Man, are you cats even paying attention to the Festival Scene up in Canada right now? Despite being announced as a smaller scale event this year Kinetik has put together a murderer’s row of acts for 2013, while on the left side Terminus has been gradually filling out a dream come true line-up that isn’t even half-announced but is already blowing our ever loving minds. It’s an embarrassment of riches to say the least. Way back in 2008 I sent Bruce an e-mail with a link to the Kinetik 1.0 website with a message that read: “In Canada? Is this a thing?” Some 5 years later, yeah, I think we can safely say it’s a thing. True North motherfuckers, I’m a go back to figuring out how to budget for all this craziness, enjoy some new tunes while I do!
Whoo doggies! Scott from iVardensphere, Yann from Iszoloscope and Jamie from ESA come together like Lego to form Voster! Now, all three of those acts are known for being a mite harsh and heavy on occasion, but this is actually a pretty agile dancefloor number, more lean-muscled panther stalking its prey than tank rolling over everything in it’s path if you feel me. The recently christened project is giving this one away for free over at the Resistanz Bandcamp, where the upstart British festival has been teasing out their 2013 compilation track by track. Speaking of which, Voster will be making their live debut at said event, which runs March 29-31 in Sheffield. I’ll be in attendance, and am pretty psyched to watch this Commonwealth collab tear shit up for reals.
Blush Response, “Voices”
NYC’s Blush Response have got their own thing going on musically, which is something I wish I could say about more bands. The new track “Voices” is on some Dive style distorted electro grooves and weird processed vocals (but not in the typical harsh whisper mode), while the previous single from the soon to be released Tenson Strategies went with a more straightforward, although still pleasingly gritty electro-rock stylee. I like when a band can dabble in different styles without sounding unfocused, eager to hear if that carries over to the album, which drops in March on Tundra.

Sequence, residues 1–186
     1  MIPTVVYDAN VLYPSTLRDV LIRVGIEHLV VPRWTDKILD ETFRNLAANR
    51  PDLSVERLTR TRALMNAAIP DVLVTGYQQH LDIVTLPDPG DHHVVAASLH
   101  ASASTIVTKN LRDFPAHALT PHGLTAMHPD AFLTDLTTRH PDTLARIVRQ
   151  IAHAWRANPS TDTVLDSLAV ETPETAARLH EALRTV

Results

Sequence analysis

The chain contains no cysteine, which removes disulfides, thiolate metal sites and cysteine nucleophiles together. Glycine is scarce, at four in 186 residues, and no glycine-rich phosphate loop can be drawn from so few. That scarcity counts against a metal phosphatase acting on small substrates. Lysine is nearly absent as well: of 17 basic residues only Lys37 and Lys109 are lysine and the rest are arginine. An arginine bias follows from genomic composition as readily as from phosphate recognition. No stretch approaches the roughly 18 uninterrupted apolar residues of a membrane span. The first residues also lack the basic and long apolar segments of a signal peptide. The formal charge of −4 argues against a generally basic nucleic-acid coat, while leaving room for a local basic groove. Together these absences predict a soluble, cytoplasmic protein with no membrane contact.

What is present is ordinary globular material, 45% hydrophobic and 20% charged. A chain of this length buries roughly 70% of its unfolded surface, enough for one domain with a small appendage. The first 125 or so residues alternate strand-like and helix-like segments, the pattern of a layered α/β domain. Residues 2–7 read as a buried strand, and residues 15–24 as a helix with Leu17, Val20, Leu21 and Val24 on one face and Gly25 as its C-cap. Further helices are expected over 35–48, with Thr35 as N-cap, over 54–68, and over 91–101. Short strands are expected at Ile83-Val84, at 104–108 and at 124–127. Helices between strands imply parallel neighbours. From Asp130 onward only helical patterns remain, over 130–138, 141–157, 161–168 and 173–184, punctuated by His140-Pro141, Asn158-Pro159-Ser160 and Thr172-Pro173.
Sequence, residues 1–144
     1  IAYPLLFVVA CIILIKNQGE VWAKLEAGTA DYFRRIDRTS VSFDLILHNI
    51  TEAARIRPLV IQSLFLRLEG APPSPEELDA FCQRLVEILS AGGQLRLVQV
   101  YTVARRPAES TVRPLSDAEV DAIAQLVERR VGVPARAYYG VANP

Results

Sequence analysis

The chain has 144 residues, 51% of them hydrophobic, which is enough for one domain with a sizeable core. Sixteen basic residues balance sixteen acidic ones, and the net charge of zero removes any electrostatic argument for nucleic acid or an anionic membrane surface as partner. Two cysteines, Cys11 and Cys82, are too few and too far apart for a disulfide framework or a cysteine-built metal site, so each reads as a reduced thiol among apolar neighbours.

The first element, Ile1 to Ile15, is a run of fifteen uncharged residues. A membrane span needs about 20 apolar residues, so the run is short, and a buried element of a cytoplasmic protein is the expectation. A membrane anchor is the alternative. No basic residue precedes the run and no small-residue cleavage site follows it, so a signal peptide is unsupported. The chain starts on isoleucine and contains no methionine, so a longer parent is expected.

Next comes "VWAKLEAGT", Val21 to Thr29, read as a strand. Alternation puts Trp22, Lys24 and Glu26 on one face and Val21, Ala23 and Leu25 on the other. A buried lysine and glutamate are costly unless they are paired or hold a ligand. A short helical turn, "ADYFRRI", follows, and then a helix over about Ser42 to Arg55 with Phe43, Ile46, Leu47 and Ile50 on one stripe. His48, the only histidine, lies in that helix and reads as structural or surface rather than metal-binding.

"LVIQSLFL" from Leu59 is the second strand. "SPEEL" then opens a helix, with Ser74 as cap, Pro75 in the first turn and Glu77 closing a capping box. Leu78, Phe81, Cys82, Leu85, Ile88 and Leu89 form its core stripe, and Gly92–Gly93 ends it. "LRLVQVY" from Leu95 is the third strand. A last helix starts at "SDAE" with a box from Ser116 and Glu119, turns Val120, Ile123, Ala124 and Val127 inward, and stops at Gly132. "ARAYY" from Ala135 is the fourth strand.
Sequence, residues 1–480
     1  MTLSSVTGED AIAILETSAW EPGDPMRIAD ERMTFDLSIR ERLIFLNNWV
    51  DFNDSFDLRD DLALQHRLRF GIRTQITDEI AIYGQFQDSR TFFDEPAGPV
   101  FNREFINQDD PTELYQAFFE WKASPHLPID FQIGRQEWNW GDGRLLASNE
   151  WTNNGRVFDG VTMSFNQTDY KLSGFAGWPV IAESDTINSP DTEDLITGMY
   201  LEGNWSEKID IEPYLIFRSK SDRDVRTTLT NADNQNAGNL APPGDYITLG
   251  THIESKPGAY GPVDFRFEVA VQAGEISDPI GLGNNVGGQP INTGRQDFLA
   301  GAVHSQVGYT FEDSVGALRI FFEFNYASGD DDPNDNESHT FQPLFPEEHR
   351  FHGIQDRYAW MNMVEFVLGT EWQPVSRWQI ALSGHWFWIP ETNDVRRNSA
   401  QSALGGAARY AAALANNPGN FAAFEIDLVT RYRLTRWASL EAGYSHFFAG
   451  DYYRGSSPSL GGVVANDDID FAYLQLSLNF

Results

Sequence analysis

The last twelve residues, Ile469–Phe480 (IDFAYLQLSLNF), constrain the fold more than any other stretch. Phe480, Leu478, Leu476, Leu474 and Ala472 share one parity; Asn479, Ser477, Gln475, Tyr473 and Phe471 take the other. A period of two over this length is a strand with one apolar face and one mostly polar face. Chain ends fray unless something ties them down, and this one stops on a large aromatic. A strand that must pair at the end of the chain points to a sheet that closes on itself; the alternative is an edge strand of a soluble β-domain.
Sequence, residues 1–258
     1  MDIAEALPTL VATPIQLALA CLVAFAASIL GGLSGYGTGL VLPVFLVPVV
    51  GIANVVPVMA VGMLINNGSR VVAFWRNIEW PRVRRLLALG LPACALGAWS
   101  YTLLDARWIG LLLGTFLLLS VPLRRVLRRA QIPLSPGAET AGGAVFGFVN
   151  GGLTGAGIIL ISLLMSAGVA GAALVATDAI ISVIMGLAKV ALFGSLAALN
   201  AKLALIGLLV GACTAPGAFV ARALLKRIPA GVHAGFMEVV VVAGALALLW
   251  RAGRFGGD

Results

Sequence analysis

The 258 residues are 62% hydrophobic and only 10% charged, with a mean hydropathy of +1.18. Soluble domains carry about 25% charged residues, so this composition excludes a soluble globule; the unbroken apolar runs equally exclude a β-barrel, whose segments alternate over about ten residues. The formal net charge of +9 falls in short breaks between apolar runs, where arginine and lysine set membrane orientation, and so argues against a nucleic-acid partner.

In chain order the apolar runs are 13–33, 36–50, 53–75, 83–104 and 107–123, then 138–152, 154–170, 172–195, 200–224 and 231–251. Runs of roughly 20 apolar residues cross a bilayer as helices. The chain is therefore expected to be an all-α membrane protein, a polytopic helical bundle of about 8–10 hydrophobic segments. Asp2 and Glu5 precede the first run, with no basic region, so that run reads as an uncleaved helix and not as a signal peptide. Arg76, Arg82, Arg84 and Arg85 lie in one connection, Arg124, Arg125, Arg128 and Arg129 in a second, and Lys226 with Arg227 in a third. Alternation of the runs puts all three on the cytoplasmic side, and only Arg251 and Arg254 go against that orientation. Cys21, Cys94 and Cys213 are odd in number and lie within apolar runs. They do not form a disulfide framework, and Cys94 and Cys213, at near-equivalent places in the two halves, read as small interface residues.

In Death it Ends, “Disavow”
More mostly instrumental bleakness from former Rosetta Stone guy Porl King. Although PK’s legacy as second wave gawth-rock royalty comes with its own built in audience, I think the folks who are losing their business over acts like Soft Moon will find a lot to like here, all flanged bass and drums groove grinding away into oblivion, shrouded with sinister overtones that suit the project’s occult imagery. The full length materializes from the nether realms on February 28th, and judging from this cut it’s gonna be a dark ride.
Years back, before I even knew there was such a thing as anhalt or neo-oldschool body music, I knew about Spetsnaz. Largely absent since the pretty excellent Deadpan in 2007, these Swedes will be staging their comeback on March 1st with the release of For Generations to Come on Scanner. There ain’t no shortage of bands doing this sound these days, but I think Spetsnaz have always had an ear for the subtleties of the genre that are often obscured by EBM’s grr-grr muscle n’ hate exterior.
Cryogenic Echelon, “Pandora”
I haven’t yet been able to get a handle on Australia’s Cryogenic Echelon, by the group’s own admission they’ve been experimenting a lot to see what suits them musically. I’d be happy to hear more peppy futurepop like this from them; ably assisted by vProjekt’s Eugene Nesci, this track is bright, bubbly, and has a pleasantly wistful vocal hook. Plus, that processed female backing vocal is stickier than that goop they used to use to attach perfume ads to the inside’s of pretty lady magazines. Go cop the EP on Bandcamp, and be treated to some hot clubmixes by XP8, Modulate, Vicious Alliance and Uberbyte.
Die Krupps, “Risikofaktor”
Oooh, and capping things off with the new single from venerable German act Die Krupps, who are revisiting their EBM roots, albeit with contemporary production and some hints of their metal years poking in on the chorus. Certainly feels like they still got it, and I probably shouldn’t be surprised: I saw them play a blistering set a couple years back (including a pretty rad moment where I got to yell “GERMANIAC” into the mic) that made a strong case for them as an ongoing concern despite the more than 15 years since their last album of original material. Watch the video, then watch this space for our findings regarding the long-awaited new record, information on which seems to be kinda scarce.